The goals of treatment of cheek teeth include reduction of abnormal length, and restoration of near normal shape, although it should keep in mind that it is impossible to restore the natural zigzag pattern of the normal occlusal plane of the rabbit. Additional goals include removal of loose or infected teeth. Frequency of repeated dental treatments varies from rabbit to rabbit, and in the same rabbit over time. An individual rabbit may require more frequent treatment as the disease progresses. Conversely, as roots are destroyed and growth slows or teeth are lost, frequency of treatment may decrease.
Improvement of abnormal cheek teeth occlusal plane is accomplished with higher low-speed straight hand pieces, as is it impossible to safely introduce a high-speed contra-angle hand piece into the small oral cavity. Soft tissues are protected with dental spatulas, and accumulating tooth dust removed with moistened cotton-tipped swabs. Thermal damage to teeth is prevented by saline cooling administered through the hand piece or by an assistant. Extreme care must be taken not to introduce excessive fluid into the oral cavity, especially in a non-intubated patient.
Extraction of severely maloccluded, loose, fractured or abscessed teeth is facilitated with dental elevators and luxators designed for this purpose. Several manufacturers produce luxators specifically for either molars or incisor teeth (table 2).
Indications for extraction of cheek teeth include periapical infection and marked deformity or malocclusion of individual teeth not easily corrected with burring. Most authors agree that the goal of therapy should be retention of as many cheek teeth as practically possible to allow normal crushing and ingesting of food. However, there are many reports of rabbits surviving long term on liquid hay diets (Critical Care, Oxbow Hay Products, www.oxbowhay.com) after periodic extraction or natural loss of most or even all cheek teeth. It is not necessary to extract the opposing tooth after extraction of a single cheek tooth. The arrangement of the cheek teeth of rabbits is designed to allow occlusion of one tooth with more than one opposite tooth. Each situation must be judged independently, however. Opposing teeth may be diseased and incapable of allowing normal natural occlusion.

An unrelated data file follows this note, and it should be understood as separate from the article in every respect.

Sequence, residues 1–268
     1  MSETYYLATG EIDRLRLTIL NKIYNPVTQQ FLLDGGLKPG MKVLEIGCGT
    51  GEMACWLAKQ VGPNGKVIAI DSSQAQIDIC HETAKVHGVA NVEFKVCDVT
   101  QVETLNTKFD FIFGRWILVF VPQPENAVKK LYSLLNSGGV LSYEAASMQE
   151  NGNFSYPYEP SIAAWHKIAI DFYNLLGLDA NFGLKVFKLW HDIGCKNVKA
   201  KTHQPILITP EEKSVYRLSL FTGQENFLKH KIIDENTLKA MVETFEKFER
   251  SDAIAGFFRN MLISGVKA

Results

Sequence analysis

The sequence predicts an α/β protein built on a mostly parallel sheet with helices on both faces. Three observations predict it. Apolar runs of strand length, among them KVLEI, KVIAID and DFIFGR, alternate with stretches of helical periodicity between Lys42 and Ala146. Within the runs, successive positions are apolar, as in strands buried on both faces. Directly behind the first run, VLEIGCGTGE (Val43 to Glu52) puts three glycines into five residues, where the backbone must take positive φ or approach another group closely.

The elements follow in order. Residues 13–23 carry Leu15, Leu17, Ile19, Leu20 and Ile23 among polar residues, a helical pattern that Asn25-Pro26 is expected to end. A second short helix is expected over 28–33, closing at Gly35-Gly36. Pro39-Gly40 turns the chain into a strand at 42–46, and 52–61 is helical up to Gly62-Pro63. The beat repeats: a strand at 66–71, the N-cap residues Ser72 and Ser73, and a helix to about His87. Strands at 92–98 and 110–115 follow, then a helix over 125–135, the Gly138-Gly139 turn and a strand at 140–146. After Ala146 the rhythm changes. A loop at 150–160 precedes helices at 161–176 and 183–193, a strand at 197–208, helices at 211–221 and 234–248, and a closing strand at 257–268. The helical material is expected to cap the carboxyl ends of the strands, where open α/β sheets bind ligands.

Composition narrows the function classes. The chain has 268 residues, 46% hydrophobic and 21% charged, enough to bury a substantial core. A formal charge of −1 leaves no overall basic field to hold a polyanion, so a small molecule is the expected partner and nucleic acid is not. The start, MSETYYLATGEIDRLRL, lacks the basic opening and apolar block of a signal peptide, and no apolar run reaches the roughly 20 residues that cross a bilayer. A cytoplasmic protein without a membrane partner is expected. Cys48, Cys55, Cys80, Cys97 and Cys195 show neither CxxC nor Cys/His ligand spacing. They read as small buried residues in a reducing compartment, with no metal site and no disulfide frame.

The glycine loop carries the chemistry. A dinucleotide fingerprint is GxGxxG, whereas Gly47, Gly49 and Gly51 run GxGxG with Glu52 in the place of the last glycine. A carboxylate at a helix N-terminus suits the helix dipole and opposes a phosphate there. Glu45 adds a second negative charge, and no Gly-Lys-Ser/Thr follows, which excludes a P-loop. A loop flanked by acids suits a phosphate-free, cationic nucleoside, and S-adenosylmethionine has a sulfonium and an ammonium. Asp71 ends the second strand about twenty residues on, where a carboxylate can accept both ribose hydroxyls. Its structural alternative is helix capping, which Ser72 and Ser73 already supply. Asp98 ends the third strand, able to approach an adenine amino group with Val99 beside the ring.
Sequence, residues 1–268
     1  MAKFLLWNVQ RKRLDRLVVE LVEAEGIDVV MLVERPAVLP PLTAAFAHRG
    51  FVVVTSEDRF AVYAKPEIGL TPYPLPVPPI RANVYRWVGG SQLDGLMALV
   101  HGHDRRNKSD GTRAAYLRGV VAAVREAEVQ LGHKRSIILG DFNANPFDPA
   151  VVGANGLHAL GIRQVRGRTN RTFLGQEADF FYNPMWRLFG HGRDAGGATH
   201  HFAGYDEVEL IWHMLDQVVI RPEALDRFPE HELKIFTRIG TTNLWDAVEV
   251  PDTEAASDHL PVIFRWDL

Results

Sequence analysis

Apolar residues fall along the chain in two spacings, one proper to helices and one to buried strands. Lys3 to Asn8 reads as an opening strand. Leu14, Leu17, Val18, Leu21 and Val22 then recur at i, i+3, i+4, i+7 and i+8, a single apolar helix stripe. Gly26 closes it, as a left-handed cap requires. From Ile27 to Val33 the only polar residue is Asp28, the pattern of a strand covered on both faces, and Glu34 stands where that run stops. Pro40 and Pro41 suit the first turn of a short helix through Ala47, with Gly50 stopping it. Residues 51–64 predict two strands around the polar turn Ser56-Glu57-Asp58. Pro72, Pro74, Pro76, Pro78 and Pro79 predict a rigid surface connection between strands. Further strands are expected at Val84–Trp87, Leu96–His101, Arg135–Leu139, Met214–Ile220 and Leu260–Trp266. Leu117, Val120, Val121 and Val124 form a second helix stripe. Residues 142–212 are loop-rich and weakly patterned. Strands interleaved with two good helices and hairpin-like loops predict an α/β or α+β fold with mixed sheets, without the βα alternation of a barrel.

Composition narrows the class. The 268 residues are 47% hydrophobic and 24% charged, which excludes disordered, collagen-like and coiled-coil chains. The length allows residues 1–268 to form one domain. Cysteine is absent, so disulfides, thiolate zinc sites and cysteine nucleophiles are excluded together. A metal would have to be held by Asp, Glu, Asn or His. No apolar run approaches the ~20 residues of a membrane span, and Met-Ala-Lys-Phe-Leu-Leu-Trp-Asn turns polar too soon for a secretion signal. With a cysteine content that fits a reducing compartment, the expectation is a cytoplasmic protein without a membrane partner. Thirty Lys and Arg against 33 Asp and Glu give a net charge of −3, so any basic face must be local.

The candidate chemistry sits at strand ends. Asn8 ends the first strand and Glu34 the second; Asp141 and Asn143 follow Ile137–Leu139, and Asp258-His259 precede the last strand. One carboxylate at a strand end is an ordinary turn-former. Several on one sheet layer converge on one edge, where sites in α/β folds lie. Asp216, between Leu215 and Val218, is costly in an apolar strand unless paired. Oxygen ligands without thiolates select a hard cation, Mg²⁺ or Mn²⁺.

Extraction can be performed intra or extra-orally, and differ in difficulty with location, degree of deformity and size of the patient. Choice of technique depends on tooth location and accessibility. For the intraoral approach, a Crossley cheek teeth luxator is used to sever the periodontal ligament on all four aspects of the tooth. The tooth is gently extracted, and in the case of diseased teeth, following the abnormal curvature of the root to prevent fracture. An extraoral approach is used any time intraoral extraction is impractical or too difficult. The most common indications are dental ankylosis, retained root tips, severe root deformity, periapical abscessation and osteomyelitis. Some teeth are extremely difficult to approach in the rabbit, for example, the most caudal maxillary cheek teeth, in particular C4-6. In these cases, extraoral access may require techniques such as maxillotomy.
Extraoral extraction is performed with the rabbit anesthetized, and the site surgically prepared and draped. Dissection of skin, subcutaneous and muscle layers reveal cortical bone, which is perforated with a luxator, needle, or dental bur on a water-cooled dental hand piece. The tooth is loosened with luxators or needles, and then extracted. Post operative radiographs help confirm complete removal. Multiple approaches are required for multiple teeth. The site may be closed routinely after curetting of bone fragments and flushing unless infection is present. In case of infection, the site should be marsupialized and treated as a dental abscess.
Capello V, Gracis M. In: Lennox AM, ed. Rabbit and Rodent Dentistry Handbook. Ft. Worth: Zoological Education Network, 2005.
Harcourt-Brown F. Dental Disease. In: Textbook of Rabbit Medicine. Butterworth Heinemann; 2002, 165-205.
Reprinted in part (with permission) from the Proceedings of the Rabbit and Rodent Dentistry Wet Lab, Association of Exotic Mammal Veterinarians (www.aemv.org), 2005.
Special thank you to Vittorio Capello, DVM, Clinica Veterinaria S. Siro, Clinica Veterinaria Gran Sasso, Milano, Italy